Congress was giving spies a pass back in 1975, too

If you are outraged by American spies getting a free pass from their political masters (and you really should be), remember that this is an age-old tradition. Matt Stoller revisits the 1975 Congressional hearings in which radical Congresswoman Bella Abzug grilled CIA director William Colby over the CIA's records of the membership rolls of peaceful, domestic protest groups, only to have Arizona Congressman Sam Steiger suck up to the spook-in-chief, expressing concern that anti-American terrorists could destroy the CIA by sending it too many Freedom of Information Act requests.

In mid-1970s, feminist and peace movement activist Congresswoman Bella Abzug tore through the intel world, fearlessly taking on the CIA and the NSA for surveilling Americans. So I’ve been reading some of her hearings, and it turns out that the dynamics of the intelligence world (in this case the CIA) and its relationship with Congress and the public haven’t changed at all. Today, journalist Jason Leopold is nicknamed a ‘FOIA terrorist’ by a ‘certain government agency’ because he files so many requests so effectively, and sues when they deny him the things to which he is entitled.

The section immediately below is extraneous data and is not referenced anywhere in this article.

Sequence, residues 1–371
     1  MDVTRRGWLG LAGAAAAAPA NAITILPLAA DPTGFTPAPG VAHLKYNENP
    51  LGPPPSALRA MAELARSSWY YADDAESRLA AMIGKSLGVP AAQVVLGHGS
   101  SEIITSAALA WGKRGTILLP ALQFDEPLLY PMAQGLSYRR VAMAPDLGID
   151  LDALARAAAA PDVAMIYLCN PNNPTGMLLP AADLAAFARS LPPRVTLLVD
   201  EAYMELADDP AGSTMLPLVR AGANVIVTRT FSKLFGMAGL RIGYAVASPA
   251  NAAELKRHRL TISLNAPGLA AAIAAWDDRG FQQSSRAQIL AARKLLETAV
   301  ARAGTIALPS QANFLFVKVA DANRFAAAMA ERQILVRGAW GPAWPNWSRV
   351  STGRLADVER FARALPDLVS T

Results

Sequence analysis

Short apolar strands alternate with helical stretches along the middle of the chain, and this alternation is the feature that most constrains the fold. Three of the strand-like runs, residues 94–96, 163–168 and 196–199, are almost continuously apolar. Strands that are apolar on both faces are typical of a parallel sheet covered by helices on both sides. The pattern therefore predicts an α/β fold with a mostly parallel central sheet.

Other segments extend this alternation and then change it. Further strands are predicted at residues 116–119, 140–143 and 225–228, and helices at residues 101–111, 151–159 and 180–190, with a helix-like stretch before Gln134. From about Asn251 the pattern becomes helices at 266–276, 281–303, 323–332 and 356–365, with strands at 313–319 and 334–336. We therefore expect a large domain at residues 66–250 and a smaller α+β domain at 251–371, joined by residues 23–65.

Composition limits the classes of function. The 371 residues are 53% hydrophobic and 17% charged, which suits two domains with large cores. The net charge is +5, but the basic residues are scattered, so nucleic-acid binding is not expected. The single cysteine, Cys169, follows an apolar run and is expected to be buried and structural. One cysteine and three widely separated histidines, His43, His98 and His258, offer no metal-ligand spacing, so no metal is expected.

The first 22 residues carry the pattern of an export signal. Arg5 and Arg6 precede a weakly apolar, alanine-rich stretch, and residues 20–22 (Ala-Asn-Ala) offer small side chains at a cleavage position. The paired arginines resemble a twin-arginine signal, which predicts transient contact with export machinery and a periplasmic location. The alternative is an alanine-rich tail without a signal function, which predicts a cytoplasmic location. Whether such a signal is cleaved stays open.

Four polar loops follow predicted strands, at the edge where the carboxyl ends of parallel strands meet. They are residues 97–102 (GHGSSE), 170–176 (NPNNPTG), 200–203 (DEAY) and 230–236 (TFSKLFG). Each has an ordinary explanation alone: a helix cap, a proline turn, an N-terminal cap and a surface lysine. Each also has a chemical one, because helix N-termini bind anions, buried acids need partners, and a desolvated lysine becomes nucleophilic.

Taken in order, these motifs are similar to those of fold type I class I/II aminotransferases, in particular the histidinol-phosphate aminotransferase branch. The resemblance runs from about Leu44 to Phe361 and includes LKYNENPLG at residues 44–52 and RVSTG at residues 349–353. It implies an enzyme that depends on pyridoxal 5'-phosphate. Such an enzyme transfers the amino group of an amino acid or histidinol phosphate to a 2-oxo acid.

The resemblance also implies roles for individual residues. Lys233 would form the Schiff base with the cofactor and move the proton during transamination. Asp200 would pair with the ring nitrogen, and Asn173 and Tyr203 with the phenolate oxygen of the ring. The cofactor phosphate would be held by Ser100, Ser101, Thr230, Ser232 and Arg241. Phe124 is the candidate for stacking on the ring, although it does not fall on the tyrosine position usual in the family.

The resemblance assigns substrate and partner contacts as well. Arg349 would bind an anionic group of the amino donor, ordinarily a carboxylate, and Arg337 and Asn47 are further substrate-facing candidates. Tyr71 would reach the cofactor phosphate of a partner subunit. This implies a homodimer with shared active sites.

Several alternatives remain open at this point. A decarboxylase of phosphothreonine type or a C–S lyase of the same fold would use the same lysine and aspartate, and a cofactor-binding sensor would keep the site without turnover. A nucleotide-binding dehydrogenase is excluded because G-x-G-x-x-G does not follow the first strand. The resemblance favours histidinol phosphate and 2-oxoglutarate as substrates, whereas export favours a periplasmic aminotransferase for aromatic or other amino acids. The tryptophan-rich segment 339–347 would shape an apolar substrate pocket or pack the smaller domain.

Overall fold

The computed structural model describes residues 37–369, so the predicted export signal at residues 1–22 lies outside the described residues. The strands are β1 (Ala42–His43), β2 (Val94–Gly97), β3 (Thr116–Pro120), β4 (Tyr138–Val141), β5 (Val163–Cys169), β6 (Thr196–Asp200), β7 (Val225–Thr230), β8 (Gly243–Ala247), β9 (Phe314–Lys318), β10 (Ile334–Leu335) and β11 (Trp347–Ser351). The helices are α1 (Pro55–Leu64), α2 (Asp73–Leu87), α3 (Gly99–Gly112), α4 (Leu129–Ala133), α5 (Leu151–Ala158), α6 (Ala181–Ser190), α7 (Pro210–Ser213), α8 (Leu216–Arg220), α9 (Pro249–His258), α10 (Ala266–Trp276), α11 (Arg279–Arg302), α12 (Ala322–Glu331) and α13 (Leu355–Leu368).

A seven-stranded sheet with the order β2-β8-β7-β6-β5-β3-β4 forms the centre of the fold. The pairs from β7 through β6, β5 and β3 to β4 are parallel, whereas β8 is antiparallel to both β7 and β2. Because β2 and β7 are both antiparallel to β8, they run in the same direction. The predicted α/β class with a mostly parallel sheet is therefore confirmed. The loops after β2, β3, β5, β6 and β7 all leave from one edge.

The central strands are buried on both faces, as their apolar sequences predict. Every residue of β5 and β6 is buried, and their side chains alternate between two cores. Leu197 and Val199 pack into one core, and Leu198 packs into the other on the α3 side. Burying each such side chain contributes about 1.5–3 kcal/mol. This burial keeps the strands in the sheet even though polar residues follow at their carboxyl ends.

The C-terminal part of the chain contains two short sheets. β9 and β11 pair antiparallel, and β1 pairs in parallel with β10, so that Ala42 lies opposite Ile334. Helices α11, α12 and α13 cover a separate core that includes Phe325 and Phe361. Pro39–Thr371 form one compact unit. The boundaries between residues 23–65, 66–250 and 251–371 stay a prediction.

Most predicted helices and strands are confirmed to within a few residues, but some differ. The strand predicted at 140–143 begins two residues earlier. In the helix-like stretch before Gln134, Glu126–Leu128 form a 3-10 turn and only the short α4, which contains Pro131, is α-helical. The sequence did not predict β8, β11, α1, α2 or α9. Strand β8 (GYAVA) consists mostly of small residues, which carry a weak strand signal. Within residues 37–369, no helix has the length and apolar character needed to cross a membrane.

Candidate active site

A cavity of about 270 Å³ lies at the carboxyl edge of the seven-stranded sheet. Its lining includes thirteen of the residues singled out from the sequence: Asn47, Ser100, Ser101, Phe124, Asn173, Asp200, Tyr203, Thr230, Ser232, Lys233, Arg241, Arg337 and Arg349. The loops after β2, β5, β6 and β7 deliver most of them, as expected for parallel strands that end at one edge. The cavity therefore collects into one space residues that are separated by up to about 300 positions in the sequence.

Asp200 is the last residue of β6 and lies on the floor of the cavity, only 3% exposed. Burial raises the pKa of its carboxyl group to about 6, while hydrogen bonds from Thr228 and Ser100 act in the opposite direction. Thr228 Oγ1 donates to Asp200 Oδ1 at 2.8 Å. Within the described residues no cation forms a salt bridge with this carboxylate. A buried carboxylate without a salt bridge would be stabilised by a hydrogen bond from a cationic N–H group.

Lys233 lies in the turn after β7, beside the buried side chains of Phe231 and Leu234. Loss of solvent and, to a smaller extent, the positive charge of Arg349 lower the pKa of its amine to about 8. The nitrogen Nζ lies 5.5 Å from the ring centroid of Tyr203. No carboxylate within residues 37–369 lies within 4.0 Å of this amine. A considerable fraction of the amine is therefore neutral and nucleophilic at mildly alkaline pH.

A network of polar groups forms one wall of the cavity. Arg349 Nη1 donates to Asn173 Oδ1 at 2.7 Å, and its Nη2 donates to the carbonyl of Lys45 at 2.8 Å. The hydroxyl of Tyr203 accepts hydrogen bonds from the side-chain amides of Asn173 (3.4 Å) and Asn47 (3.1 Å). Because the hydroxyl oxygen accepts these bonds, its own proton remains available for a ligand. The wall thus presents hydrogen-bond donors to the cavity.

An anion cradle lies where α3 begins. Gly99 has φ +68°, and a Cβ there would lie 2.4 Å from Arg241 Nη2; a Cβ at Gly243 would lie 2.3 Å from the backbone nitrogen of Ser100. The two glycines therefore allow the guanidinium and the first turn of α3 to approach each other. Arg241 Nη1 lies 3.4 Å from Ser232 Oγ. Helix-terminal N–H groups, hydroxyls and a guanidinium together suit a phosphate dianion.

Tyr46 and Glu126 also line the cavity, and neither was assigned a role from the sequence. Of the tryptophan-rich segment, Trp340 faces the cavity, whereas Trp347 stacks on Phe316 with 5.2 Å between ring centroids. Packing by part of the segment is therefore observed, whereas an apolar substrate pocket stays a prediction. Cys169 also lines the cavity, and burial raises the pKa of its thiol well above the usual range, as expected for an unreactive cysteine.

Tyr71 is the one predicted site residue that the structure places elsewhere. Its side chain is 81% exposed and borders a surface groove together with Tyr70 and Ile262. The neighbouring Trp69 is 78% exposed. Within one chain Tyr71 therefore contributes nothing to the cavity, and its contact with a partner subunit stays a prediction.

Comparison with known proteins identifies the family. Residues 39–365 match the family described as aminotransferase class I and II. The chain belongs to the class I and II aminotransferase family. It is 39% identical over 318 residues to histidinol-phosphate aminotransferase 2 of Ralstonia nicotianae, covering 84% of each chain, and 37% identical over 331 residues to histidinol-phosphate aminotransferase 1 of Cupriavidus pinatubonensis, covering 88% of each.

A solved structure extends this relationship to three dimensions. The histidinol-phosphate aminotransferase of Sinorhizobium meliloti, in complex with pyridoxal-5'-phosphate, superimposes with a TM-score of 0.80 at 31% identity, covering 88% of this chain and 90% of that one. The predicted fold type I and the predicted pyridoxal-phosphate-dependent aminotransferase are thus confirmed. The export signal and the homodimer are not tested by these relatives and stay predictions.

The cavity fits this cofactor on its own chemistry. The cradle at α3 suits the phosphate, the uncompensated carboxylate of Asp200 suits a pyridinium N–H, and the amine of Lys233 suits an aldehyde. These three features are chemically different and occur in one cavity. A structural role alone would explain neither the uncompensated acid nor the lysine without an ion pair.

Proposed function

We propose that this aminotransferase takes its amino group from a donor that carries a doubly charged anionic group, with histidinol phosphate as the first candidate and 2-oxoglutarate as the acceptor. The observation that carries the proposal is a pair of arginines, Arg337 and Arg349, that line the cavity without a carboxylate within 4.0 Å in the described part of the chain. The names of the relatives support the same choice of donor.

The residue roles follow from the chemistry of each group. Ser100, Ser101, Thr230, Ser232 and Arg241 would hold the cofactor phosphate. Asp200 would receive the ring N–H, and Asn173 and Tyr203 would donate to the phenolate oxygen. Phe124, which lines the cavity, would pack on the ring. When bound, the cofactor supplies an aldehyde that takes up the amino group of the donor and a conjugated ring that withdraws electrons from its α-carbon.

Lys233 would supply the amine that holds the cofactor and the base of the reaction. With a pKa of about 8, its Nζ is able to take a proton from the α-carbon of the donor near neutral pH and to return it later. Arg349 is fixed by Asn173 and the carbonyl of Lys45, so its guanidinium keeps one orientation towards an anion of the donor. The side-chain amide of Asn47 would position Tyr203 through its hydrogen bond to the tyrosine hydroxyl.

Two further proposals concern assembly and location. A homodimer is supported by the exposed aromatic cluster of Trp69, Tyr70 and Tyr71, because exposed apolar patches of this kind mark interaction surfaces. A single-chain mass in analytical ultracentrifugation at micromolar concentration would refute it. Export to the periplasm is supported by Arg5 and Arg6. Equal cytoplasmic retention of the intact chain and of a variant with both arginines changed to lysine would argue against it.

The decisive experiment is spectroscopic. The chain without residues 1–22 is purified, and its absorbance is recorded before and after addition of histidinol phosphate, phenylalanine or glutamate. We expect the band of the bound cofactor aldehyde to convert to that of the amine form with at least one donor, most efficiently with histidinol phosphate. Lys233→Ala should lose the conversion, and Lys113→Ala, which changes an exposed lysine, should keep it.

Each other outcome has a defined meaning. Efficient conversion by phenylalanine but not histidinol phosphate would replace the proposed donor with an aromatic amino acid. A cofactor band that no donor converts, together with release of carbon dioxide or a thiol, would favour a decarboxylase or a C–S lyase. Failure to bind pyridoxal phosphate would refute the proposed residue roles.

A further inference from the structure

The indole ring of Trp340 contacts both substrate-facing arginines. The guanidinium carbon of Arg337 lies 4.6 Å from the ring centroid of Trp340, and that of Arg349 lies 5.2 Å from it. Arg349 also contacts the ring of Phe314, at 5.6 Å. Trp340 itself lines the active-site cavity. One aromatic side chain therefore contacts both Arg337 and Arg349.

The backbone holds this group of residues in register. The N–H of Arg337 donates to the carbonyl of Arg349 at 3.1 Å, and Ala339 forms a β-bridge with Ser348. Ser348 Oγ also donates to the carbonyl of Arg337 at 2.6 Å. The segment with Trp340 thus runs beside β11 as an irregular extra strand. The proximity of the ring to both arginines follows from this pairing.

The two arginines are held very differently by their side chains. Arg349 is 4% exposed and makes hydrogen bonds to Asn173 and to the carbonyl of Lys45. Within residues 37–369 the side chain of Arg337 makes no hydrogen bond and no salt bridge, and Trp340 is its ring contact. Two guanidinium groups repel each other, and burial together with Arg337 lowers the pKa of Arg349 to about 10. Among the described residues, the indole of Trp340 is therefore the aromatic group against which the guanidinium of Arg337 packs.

This was going on in the 1970s, right after FOIA was amended to allow requests to the intel community. Bella Abzug was one member who helped make that happen, with hearings and legislative initiatives to force various agencies to reveal who they were surveilling.

In 1975, the CIA Director Told Congress That Enemies of America Could Destroy the CIA with Freedom of Information Act Requests [Matt Stoller/Tumblr]

(via Sean Bonner)